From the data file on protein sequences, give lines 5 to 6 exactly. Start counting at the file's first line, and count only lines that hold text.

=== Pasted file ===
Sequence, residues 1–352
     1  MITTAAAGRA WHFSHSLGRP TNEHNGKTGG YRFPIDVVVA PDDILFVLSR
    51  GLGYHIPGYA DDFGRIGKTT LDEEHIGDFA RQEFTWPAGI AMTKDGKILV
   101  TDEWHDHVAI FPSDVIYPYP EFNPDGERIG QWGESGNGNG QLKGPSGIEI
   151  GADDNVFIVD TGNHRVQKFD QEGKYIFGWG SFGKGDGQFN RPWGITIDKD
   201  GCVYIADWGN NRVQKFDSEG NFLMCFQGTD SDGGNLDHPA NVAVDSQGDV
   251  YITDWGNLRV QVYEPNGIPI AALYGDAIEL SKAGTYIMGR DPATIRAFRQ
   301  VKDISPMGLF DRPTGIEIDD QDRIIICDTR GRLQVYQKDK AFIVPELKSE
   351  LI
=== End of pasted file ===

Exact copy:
   151  GADDNVFIVD TGNHRVQKFD QEGKYIFGWG SFGKGDGQFN RPWGITIDKD
   201  GCVYIADWGN NRVQKFDSEG NFLMCFQGTD SDGGNLDHPA NVAVDSQGDV